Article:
A Jesus for Real Men
"The stallions hang out in bars; the geldings hang out in church." This observation from David Murrow strikes a little close to home for someone like me. I always thrived in my congregation but was never certain I fit the mold of masculinity I saw modeled around me. So as much as I resent Murrow's sentiment, it nevertheless rings true: In many churches, a certain type of man is conspicuously absent.
The disparity in men's and women's attendance in American churches has made men the target of specialized ministry over the last two decades. Promise Keepers kicked off the men's movement in 1990 by challenging stadiums full of men and boys to fulfill their duties to God and their families. Today a growing body of literature is leveling its sights on the church, suggesting that men are uninvolved in church life because the church doesn't encourage authentic masculine participation.
The first writer to popularize this concern was John Eldredge, who, in his three-million-selling Wild at Heart (Thomas Nelson, 2001), lamented that the masculine spirit was at risk because "most men believe God put them on the earth to be good boys." The church's tendency to promote discipleship as merely becoming "nice guys" keeps men from embodying their God-given maleness.
Wild at Heart sowed seeds that have sprouted as a new "masculinity movement" aimed to get men into church by changing the church's atmosphere. David Murrow, author of Why Men Hate Going to Church (Thomas Nelson, 2004), founded the group Church for Men because, while the local congregation is "perfectly designed to reach women and older folks"with its emphasis on comfort, nurture, and relationshipsit "offers little to stir the masculine heart, so men find it dull and irrelevant."
Inspired by Murrow, comedian Brad Stine began GodMen, a ministry that provides space in which "men can be men; raw and uninhibited; completely free to express themselves in the uniquely male way that only men understand." In a 2002 GodMen meeting, this experience included videos of karate fights, car chases, and songs like "Grow a Pair!" whose lyrics read:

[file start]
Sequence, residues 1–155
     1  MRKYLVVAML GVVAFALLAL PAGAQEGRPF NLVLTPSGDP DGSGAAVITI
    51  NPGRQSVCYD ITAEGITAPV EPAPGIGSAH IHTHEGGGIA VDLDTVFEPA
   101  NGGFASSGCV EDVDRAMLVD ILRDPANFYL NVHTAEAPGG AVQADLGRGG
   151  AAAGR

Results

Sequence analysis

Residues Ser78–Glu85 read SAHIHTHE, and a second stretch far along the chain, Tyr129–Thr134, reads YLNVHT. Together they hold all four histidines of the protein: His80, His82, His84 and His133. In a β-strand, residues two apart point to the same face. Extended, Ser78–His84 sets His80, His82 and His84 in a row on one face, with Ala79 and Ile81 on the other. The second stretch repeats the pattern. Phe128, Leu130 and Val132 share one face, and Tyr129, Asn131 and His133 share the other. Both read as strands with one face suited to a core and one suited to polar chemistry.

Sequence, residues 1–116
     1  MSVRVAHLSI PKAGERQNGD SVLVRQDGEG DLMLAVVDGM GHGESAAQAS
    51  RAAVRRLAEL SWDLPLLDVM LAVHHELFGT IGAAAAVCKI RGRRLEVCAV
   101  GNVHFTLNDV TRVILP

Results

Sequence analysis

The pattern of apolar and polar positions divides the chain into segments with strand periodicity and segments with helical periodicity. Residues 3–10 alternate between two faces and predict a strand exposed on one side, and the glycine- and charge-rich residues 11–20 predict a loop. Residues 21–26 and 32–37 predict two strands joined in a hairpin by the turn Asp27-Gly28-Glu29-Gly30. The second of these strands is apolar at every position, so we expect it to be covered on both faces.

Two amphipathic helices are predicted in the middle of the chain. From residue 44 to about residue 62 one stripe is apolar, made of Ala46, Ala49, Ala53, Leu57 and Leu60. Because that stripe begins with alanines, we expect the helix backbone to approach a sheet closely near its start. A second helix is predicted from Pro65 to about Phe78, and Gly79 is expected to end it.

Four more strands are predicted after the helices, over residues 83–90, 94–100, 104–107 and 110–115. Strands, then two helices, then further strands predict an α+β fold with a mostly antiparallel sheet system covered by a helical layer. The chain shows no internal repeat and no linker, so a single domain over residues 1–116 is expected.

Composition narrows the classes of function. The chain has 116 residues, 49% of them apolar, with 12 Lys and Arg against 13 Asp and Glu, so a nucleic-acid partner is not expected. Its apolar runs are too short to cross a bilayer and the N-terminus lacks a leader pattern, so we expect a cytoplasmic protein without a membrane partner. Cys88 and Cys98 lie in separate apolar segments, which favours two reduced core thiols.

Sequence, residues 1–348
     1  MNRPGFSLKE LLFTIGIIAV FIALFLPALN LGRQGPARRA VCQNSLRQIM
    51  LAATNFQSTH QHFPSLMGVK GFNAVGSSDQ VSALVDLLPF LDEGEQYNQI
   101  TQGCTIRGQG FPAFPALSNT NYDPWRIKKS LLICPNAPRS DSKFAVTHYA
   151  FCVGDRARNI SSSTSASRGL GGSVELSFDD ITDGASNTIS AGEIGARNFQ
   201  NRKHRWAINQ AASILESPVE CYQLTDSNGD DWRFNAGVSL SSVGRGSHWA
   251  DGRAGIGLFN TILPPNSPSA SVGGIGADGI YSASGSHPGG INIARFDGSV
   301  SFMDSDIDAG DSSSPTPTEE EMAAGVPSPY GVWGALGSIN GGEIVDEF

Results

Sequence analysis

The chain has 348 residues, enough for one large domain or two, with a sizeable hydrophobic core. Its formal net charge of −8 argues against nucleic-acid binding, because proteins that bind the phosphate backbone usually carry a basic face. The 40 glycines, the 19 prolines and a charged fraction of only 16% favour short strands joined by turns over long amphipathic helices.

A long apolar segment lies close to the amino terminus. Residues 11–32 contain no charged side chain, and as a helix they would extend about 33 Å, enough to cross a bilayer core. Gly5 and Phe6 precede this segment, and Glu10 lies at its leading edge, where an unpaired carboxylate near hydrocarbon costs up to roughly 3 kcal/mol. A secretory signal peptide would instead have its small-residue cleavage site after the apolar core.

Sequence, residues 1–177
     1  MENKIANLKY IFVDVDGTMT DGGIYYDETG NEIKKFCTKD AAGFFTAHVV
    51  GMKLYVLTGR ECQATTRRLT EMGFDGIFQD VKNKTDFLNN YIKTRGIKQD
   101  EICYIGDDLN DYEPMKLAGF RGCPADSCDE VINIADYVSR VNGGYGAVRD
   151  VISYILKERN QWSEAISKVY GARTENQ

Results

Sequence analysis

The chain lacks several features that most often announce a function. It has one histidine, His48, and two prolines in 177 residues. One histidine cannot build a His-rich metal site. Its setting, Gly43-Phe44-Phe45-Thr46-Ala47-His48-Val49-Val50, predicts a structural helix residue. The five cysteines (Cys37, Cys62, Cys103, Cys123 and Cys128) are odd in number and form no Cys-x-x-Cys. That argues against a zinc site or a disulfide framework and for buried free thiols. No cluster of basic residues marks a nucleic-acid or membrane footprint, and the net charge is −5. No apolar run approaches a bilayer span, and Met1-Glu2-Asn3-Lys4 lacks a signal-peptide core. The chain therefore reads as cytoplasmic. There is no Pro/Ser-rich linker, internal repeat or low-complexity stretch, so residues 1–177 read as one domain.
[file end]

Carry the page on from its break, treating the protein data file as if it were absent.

We've been beaten down
Feminized by the culture crowd
No more nice guy, timid and ashamed
Grab a sword, don't be scared
Be a man, grow a pair!
It's not sung to the tune of "In the Garden."
The message of Church for Men and GodMen is resonating with ministers of all stripes. Following Murrow's advice, Don Wilson, pastor of Christ's Church of the Valley in Peoria, Arizona, has geared his entire ministry toward reaching young men. And while his ministry is not to men in particular, Mark Driscoll, pastor of Seattle's Mars Hill Church, nevertheless desires greater testosterone in contemporary Christianity. In Driscoll's opinion, the church has produced "a bunch of nice, soft, tender, chickified church boys. Sixty percent of Christians are chicks," he explains, "and the forty percent that are dudes are still sort of chicks."
The aspect of church that men find least appealing is its conception of Jesus. Driscoll put this bluntly in his sermon "Death by Love" at the 2006 Resurgence theology conference (available at TheResurgence.com). According to Driscoll, "real men" avoid the church because it projects a "Richard Simmons, hippie, queer Christ" that "is no one to live for [and] is no one to die for." Driscoll explains, "Jesus was not a long-haired effeminate-looking dude"; rather, he had "callused hands and big biceps." This is the sort of Christ men are drawn towhat Driscoll calls "Ultimate Fighting Jesus."